“Pardon Me! Isn’t That My Sex Organ?” or “Life is Easy” Explores Body-Swapping

For quite a while, Tiresias was the only being who’d experienced sex both as a man and a woman. If you recall, for killing two copulating snakes, he was transformed into a female for seven years by the goddess Hera. (Having a vagina was a punishment back then.) Not satisfied, Hera later blinded the gent, which seemed rather harsh, although it did gain him a major speaking part in Oedipus Rex.

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Tiresias learns it’s not nice to slaughter two copulating snakes.

Now, 2449 years later, Revry, the self-proclaimed “queer virtual cable TV network,” is showcasing a New-Zealand-based, 8-part situation comedy, Life is Easy, that explores what it’s like to suddenly have a non-surgically transformed crotch. Although we’re not quite sure where J.K. Rowling stands on this concept, we’ve found the end result, while not quite on the same laugh level as Schitt$ Creek and Little Britain, often quite amusing with a genuine knee-slapper now and then.

The first episode begins in 2006, the year Google purchased YouTube, Pluto lost its planet status, and a whale swam up the River Thames.

Far away from all of that activity is Curtis (Cole Jenkins), an awkwardly closeted Aukland teen, who’s standing on a school bench, peeping into the boys’ shower room while pleasuring himself. Suddenly, Jamie-Li (Chye-Ling Huang), a rather loud young lass with purple hair and a garbage bag full of used tampons, catches him in the act. Peeping in herself, she finds the sight before her rather amusing, but not for long.

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Curtis, newly inhabited in Jamie-Li’s body, tries to put her makeup on with style.

You see, the showering lads suddenly appear, so to avoid the wrath of these possibly queer-bashing bullies, the pair fake the act of cunnilingus. Afterwards, they discover they have the same birthday. What a basis for a long-lasting friendship!

Jump head 13 years to their 25th birthday. On the morning of that day, Jamie-Li phones her pal.

This lively, self-centered couple are a pair who neither watch their words — nor the words of others.

Jamie-Li, who’s now employed by a promotion company, has grown up to be a high-spirited, caustic, serial fornicator with a loving, hard-working mom and a “dead” Asian father.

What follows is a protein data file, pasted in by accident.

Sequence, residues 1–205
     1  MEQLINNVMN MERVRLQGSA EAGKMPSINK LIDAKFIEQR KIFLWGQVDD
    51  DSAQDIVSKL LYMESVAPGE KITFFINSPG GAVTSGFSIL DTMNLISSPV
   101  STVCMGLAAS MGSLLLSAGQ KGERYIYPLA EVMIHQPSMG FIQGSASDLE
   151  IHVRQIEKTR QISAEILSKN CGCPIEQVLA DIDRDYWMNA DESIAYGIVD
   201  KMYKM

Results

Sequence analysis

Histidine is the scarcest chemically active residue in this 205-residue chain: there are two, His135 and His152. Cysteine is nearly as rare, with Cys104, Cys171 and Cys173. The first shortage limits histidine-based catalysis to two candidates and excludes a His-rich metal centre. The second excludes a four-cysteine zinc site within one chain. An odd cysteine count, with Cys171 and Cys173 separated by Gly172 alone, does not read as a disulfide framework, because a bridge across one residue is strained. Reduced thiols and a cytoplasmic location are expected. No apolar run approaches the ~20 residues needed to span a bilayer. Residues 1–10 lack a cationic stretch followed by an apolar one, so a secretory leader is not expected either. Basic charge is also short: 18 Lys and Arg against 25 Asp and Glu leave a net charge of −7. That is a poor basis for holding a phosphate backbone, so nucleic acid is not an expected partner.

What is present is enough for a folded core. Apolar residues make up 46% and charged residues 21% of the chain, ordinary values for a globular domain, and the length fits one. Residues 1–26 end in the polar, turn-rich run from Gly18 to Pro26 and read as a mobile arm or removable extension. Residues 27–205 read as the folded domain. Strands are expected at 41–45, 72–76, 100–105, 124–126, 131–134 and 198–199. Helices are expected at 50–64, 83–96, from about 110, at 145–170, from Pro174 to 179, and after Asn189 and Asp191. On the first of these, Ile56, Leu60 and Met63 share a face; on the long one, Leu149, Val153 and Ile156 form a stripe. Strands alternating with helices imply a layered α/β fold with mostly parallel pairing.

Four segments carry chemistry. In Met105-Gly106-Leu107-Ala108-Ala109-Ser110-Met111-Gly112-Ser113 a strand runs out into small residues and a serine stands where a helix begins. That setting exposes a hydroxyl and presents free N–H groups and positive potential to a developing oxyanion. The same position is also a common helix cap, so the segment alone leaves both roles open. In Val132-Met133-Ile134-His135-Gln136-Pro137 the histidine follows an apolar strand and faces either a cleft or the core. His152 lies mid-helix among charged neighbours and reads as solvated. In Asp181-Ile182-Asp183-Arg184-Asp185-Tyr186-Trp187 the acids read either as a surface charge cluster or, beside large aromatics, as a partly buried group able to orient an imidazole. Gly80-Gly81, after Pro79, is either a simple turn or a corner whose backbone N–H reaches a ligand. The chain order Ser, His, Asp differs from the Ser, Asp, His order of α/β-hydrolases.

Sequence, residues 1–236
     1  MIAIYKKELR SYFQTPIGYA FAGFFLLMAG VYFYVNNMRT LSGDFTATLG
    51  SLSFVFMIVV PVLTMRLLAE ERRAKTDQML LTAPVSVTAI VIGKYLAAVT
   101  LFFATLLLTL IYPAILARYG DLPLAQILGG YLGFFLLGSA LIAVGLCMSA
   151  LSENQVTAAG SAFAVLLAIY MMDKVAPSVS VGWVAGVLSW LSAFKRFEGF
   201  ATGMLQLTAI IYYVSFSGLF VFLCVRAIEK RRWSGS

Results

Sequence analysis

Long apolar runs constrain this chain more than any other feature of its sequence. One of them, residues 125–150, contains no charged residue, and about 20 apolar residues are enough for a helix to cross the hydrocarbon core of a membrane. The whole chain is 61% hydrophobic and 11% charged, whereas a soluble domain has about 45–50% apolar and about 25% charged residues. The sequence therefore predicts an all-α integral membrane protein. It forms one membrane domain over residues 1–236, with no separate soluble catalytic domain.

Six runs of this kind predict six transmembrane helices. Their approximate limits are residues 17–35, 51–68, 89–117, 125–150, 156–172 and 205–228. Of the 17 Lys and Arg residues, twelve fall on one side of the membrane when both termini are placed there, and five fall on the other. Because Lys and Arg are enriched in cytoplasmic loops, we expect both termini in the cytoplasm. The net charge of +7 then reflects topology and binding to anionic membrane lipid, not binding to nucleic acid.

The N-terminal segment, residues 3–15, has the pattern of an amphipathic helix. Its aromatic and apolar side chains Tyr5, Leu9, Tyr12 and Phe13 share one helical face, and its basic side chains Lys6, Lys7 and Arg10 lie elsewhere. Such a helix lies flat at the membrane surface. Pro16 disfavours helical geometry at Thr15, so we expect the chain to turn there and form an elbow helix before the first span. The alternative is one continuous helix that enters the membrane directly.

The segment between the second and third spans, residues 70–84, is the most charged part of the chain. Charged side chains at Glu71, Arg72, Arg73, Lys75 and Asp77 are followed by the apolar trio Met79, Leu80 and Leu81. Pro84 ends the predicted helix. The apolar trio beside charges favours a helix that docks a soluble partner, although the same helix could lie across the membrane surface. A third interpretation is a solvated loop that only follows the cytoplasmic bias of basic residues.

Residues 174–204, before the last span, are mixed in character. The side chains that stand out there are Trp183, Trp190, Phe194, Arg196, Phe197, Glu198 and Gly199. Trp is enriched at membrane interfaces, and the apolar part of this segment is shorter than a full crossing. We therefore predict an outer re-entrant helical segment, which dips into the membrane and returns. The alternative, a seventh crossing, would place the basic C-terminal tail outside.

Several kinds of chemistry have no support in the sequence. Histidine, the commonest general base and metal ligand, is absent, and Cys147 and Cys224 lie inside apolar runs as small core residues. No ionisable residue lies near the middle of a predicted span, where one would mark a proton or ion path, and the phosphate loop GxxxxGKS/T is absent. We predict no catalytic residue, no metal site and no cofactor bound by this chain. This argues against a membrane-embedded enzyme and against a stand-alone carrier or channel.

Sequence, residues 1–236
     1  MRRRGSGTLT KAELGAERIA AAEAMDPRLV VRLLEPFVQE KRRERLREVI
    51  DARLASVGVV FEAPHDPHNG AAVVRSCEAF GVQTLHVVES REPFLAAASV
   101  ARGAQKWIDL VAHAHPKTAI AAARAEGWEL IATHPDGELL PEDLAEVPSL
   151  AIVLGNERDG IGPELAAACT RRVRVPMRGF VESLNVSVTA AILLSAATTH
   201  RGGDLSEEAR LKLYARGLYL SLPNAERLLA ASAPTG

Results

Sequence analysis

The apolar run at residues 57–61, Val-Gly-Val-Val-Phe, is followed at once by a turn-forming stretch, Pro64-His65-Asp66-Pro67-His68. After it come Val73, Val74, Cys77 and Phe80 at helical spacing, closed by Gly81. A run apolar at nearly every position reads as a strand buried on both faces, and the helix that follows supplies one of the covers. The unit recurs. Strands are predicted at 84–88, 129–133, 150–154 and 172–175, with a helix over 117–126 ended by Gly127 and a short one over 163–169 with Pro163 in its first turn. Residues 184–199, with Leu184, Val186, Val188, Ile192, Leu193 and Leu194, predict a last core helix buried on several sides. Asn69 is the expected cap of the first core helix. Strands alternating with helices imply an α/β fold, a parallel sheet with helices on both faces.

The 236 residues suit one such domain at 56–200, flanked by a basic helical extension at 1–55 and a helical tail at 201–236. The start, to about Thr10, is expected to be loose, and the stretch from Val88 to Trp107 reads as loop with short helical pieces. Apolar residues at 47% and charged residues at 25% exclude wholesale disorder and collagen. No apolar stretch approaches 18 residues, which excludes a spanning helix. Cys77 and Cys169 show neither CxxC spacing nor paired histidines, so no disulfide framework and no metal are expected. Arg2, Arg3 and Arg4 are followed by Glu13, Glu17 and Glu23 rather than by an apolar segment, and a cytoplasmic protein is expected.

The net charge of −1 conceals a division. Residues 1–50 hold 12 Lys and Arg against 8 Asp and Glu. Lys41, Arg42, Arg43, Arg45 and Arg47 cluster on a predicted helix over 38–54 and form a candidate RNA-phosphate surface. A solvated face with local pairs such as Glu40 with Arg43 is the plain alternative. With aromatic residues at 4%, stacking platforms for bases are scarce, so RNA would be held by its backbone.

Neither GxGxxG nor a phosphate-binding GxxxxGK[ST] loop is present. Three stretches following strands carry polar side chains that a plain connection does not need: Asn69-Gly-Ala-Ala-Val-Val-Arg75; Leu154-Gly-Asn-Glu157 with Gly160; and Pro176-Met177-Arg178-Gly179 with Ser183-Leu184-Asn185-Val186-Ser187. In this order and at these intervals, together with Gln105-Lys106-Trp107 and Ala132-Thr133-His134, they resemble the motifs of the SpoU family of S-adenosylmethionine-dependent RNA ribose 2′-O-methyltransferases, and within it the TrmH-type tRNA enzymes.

Curtis, a lux furniture salesman with a very fem, touchy-feely boss, is finally out of the closet himself. Saddled with a sexy, sane, perfect boyfriend, our hero, still a bit uptight, really wants to queen it up and possibly not be as monogamous as he is.

[Please note that if you put the two lead characters’ names together you get the star of Halloween.]

Well, due to a metaphysical occurrence after a drug- and alcohol-fueled B-day party, the friends wake up in each other’s body the next morning in a swimming pool. You can imagine how unsettling it is to open your eyes and see yourself gesticulating at yourself.

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Is it a gay-male kiss when your soul is a woman’s?

After the initial shock and after fruitlessly trying to find out if there’s any info on the internet for folks whose bodies have just been swapped, Jamie-Li and Curtis start exploring their new physical states.

Soon the two are respectively achieving their first female and male orgasms. After that, of course, the complexities mount, the couplings compound, and eventually each changes the other’s life from haircuts, to jobs, to parental interactions.

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Curtis experiences his first female orgasm while ensconced in the body of his pal, Jamie-Li (Chye-Ling Huang)

What the show especially gets right is the inclusion of numerous Asian characters in major roles, the delineating of what it is to be a woman or queer man in modern Kiwi society, and the slow realization of how we are leading our lives, a perception that can only be perceived by stepping outside of ourselves and viewing what’ve we’ve been doing through others’ eyes.

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Curtis (Cole Jenkins), whose body is now inhabited by Jamie-Li, sits on a toilet in “Life is Easy.”

There is, of course, an over-the-topness to the whole series that is co-written by its two affable stars, who apparently know their own strengths. Maybe a little bit too much. There’s a whole lot of mugging here that might have bore more fruit if restrained an iota. However, balancing the scenes that are too loud, too busy, and somewhat obvious are the many on-the-up-and-up moving moments that argue quite persuasively that “life is not all that easy.” With each episode just about 15 minutes in length, this joyful ode to gender fluidity is in the end a breezy, enjoyable affair.

(Life is Easy can be found on revry Queer TV (https://revry.tv/), which is free, unless you want a connection to all of the channel’s content. Then you have to shell out a little bit.)

Brandon Judell has published in The Village Voice, The Advocate, and 50 or so other outlets. He is currently a lecturer at The City College of New York.

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